At age 31, Pharaoh brought him before him when he was troubled by these dreams he had, and Pharaoh asked Joseph, "Can you interpret these dreams?" He said, "No, I cannot do it; I am merely a vessel that God uses to interpret dreams." He had become broken and humbled. He told Pharaoh to save up; there would be seven years of plenty followed by seven years of famine. Store up 20 percent and appoint an overseer. They appointed Joseph as an overseer.
The reason that this paradigm is important is because if it were not for the good pharaoh-and history does not identify him-we would not know about Joseph. A responsible leader like that pharaoh is able to dream bad dreams in good times, to look beyond the horizon of power and plenty and look at what the future holds. But he also reached across racial, ethnic, and class lines to empower a Hebrew who was monotheistic. Pharaoh was polytheistic. He had all the reasons in the world not to form a partnership.
So when I look at going back into low-income communities, I believe we must apply the principles of the market economy to the social economy and apply the moral lessons from the Gospel so that they join to help us embrace a new paradigm. When I go into low-income communities, I apply the principles of the marketplace in that 80 percent of all new jobs in the market economy are created by entrepreneurs. They are only 3 percent of the population, but they generate 80 percent of all the new jobs. Entrepreneurs tend to be "C" students, not scholars. I always say that "A" students come back to universities and teach; "C" students come back and endow. That is because "A" students, very smart people, seek security. They want to know what the 401(k) plan is. A "C" student, an entrepreneur, wants to know what the deal is.
Eighty percent of all our pharmaceutical inventions have been gleaned from the experiences of aborigines in Brazil and all around the world. Our great medical scientists go into these villages, find herbs, and develop compounds that we all use. We are accustomed to going to untutored sources in our market economy for wisdom and new knowledge, but in our social economy, we don't. In our social economy, we put everything on its head: We only seek advice from people who are well-educated and certified. We assume that certification is synonymous with qualification.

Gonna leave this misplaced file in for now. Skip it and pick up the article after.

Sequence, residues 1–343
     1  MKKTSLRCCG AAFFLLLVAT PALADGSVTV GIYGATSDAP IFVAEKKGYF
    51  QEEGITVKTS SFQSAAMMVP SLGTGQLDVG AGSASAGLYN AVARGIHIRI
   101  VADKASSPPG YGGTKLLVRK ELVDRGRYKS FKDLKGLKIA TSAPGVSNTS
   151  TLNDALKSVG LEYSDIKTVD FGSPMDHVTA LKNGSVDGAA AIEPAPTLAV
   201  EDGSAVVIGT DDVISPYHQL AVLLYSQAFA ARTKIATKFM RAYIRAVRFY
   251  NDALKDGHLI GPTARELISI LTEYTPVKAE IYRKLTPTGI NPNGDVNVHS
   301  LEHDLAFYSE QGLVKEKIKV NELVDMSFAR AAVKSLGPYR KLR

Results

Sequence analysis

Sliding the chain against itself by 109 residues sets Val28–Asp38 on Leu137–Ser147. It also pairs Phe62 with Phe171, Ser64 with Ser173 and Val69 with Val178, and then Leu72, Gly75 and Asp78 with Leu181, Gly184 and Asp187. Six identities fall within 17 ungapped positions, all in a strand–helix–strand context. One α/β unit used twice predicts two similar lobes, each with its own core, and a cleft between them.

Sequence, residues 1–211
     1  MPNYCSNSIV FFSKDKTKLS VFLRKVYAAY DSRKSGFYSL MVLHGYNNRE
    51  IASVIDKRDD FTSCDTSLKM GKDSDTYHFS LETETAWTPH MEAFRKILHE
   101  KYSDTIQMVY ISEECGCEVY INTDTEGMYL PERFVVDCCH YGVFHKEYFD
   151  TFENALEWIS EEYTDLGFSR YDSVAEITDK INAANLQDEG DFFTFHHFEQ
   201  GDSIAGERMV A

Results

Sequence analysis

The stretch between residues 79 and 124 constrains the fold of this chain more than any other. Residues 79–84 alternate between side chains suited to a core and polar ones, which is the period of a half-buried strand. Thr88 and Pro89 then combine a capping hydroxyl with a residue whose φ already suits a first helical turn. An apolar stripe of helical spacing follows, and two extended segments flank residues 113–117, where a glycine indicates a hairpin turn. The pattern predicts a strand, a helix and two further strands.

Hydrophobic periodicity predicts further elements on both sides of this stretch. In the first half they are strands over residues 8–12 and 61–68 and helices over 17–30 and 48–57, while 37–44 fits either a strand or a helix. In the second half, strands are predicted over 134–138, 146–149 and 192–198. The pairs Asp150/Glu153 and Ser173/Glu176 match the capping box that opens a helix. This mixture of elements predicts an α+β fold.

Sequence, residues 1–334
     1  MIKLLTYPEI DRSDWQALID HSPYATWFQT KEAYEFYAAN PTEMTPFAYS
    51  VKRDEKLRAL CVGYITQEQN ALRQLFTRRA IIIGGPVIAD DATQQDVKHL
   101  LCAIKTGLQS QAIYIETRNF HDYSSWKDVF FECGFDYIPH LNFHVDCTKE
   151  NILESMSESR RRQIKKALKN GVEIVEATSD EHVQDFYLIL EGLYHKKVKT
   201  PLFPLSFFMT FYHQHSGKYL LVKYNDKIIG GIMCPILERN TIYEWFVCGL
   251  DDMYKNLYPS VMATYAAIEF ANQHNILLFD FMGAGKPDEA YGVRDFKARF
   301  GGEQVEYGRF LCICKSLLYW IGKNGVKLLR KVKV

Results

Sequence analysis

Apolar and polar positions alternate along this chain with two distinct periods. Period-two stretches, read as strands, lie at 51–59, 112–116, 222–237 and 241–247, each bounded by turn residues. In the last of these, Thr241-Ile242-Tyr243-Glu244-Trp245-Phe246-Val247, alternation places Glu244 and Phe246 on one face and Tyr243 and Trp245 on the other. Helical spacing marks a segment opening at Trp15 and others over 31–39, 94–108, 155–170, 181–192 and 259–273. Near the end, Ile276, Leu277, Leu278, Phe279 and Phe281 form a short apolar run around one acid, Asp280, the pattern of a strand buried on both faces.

In fact, 80 percent of all dollars spent on poor people are dispensed by well-intended professionals who parachute their good-intentions programs into low-income communities with the expectation that the poor will participate. When they fail, we don't examine the nature of the intervention. We assume that the people are worse off than we thought and, of course, that we need more money and bigger budgets. We have created an industry out of the servicing of poor people, and that's why we fail.
At the Center, we take the market principles, go into those neighborhoods, and look for the social entrepreneurs. We look for the Josephs. We look for two types of Josephs.
One is the Joseph that has never ridden on a stolen bike. We look for people who are raising children in drug-infested, crime-ridden neighborhoods that are not dropping out of school or in jail or on drugs, and we set them around the table with a microphone to inform us as to what it is that they are doing that is different from their neighbors.
The other type is those young people in those communities who were fallen. They were drug addicts, prostitutes, or drug dealers, but through the grace of God they have been redeemed. They then are examples to others that you can change without your environment changing.
What the Center does, like a Geiger counter, is go into those communities and look for these antibodies. We bring them to the table, and then we inquire of them and learn from them how they do what they do. Then we determine the policies that emanate from these experiences and how we can begin to insinuate resources into their organizations so that someone who has dissuaded 50 young girls from having their first child can influence 500.
We know that venture capitalists tend to look for honest entrepreneurs. What is it that a venture capitalist brings to the table? Money and managerial expertise. They know that entrepreneurs, like grassroots leaders, are visionary but tend to be very poor bookkeepers. So they come in and grow the entrepreneurial event so that it grows along a responsible continuum. Too much money can suffocate it; too little can starve it to death. So someone who starts in their kitchen can become a Fortune 500 company.